Review of Planet Waves
by Patti SmithFrom Creem magazine, April 1974.
Article copyright © 1974 Patti Smith.
God-bye baby. See I was hoping this one would be the work that severed me off. I been following him like some good dog too long. Trying not to be ashamed, as it does not seem to please him -- this admiration. But you know I never looked on him as my messiah. I don't need no messiah. And no protest singer neither. To me he was always a sex symbol. Positive energy behind a negative mask. Like a full basket beneath straining pants. It wasn't the world he saved, in my dreams, it was me.
At school dances I was a perpetual wallflower. Not the kind that's lucky enough to blend with the walls. I stuck out like a boil on a bareback. I lurk about in limp taffeta and dream of him. My James Dean, my knight. He'd walk across the dance floor, take me in his arms and we'd do the strand to "A Million to One."
He articulated every unuttered cry. He played with such urgency. As if he had a stilted lifeline. As if he had a pain in the nerves. Him in his plaid jumpsuit. It hit me then. How a guitar rests so completely on a man's cock. I embraced every word. I walked his walk. I followed no parking meters. When he broke down I waited patiently for his return. I never waltzed in his garbage. I know he's human. He's simply human. I think of him often but I'd just as soon forget him. Let the planet have him.
Planet Waves. I like the cover. Mostly cause it's black and white. Like Baudelaire's dress suit. And his handwriting: ". . . space guys . . .big dicks and ducktails . . . searching thru the ruins for a glimpse of buddah . . . long insomnia." Two cuts (side 2) make it completely worth it. One black one white. One that swan dives and one that transcends. The death of friendship the birth of love.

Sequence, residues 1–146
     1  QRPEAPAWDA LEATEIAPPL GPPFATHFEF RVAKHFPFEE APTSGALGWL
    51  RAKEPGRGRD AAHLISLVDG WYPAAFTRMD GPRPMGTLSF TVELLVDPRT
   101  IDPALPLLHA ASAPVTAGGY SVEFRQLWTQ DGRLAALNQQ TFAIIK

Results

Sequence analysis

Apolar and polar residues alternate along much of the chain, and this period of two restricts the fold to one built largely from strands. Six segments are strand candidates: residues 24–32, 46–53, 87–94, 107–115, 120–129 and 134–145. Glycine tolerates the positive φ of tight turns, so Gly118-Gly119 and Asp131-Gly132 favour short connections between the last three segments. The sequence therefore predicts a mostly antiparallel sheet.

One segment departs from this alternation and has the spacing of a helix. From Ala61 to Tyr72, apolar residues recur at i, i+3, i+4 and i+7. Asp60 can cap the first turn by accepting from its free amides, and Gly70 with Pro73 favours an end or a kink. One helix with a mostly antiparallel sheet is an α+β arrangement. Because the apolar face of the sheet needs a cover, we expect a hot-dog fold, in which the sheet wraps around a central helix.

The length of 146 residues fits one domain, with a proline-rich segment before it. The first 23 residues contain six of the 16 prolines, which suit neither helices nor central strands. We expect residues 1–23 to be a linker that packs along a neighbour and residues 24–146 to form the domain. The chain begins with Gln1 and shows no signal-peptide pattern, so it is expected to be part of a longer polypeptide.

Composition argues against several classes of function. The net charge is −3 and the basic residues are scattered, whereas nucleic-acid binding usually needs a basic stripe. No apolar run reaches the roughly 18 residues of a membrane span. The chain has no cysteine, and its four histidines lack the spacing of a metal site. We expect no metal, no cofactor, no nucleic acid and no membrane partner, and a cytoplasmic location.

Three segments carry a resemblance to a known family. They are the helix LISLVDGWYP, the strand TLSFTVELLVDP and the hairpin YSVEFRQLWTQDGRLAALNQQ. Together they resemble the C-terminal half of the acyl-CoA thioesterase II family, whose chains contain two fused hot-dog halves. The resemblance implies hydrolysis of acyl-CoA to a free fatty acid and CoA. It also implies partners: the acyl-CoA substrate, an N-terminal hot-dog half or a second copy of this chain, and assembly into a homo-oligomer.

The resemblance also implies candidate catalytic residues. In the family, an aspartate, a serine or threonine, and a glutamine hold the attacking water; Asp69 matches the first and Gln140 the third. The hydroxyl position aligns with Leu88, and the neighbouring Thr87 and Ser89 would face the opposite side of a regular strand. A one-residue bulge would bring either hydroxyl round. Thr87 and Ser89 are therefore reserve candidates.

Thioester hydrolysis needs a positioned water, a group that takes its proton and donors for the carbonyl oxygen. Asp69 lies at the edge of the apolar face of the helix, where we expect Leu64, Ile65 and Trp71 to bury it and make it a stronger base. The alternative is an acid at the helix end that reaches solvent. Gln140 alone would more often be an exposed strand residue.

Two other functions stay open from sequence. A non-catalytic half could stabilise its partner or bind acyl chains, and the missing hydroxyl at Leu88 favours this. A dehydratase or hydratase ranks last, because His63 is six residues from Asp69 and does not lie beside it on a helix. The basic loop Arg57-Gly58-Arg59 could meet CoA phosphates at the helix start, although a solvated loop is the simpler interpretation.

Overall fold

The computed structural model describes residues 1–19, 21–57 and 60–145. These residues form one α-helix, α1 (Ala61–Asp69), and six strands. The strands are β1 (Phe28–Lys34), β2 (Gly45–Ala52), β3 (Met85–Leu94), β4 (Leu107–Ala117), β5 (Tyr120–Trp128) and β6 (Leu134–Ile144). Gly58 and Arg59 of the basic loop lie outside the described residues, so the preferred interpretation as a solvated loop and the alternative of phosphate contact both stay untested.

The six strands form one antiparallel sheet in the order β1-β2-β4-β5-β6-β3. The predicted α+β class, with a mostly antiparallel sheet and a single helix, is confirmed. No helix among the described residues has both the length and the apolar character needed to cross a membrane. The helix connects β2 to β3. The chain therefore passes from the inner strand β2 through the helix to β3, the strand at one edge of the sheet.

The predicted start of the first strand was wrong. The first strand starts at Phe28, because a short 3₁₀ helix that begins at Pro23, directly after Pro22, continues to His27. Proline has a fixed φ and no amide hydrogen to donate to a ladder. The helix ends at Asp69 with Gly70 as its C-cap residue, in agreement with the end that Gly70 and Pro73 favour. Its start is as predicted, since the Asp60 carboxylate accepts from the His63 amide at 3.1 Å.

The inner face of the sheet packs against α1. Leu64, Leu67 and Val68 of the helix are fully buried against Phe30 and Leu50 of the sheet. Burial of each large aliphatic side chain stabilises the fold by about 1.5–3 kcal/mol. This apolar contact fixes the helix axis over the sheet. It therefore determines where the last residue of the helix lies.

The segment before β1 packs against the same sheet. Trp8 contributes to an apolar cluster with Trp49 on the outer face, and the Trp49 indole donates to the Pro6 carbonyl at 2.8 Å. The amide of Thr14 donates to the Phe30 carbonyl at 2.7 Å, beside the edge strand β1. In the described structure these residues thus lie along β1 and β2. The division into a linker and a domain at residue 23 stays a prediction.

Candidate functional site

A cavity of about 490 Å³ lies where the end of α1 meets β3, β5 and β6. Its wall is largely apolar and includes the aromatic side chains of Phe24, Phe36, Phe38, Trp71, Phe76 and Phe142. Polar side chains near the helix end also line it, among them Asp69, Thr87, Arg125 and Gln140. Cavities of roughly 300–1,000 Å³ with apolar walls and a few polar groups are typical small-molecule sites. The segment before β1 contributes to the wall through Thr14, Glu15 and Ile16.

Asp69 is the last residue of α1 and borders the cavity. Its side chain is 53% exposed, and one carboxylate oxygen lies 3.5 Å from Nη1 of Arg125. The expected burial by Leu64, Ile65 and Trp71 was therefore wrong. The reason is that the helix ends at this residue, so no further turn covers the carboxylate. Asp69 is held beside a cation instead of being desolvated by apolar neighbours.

It's a thin line between love and hate. Genet and Motown know all about it. "Dirge" is a love song Burroughs could get into. Amphetamine IBM. Masculine honor broken on low streets. Corrupt and beautiful. Man to man.
". . . can't recall a useful thing/ you ever done for me/ except to pat me on the back/ when I was on my knees/ we stared into each others eyes/ neither one of us would break/ no use to apologize/ what difference would it make."
Moth wings flapping. Very Lorca-esque guitar and the way he plays piano. A style second only to Oscar Levant's. Insistent plodding chords drenched in "ballad in plain-D" guilt. There's something so delicious about repentance; so seductive about shame. The maze you enter -- his brain and spleen. The dark alley where "angels play with sin." It's very moving. A man lost in the barracks of any city cold and dead as crystal.
"Wedding Song" is the white one. The hero is bleeding is tracked thru the snow. He sings it with the bitterness of one who's forced to tell the truth. His Hattie Carroll voice. He's such a handsome singer. And he sings like there's no where else. A wilderness arcade at 4 a.m. He sings to her "I love you more than madness." There's nothing more a man could say to a woman. To love her more than art, than himself. Peace coming from liquid fusion. Nothing more perfect than the perfect union.
I don't care for the rest of the album. There's no balance. The Band makes me nervous. Like a bumblebee in the face. But I'm no hipster putting down the prince. "Going, Going, Going" has fine lyrics and stand waiting to be covered by Mick Jagger or Chuck Jackson. And for me "Dirge" and "Wedding Song" are enough. Beyond any other. Relentless as one determined to walk very fast thru the faint night. Hard and manhead. Sex symbol songs. The ones that never let me down.
Oh I been sick see. Victim of a bandanna wrapped too tight. Lying in bed and my vision been bad. Playing "Dirge" over and over. Drawing a picture. I though it was Rimbaud but it was Dylan. I thought it was Dylan but it was me I was making. Sooner or later all of us must know. It comes on like a weeping revelation. It grips like a claw in the main. Everyman has got to do his own work. But when you get down to pure self portrait it's just the end of the line.
Copyright © Patti Smith 1974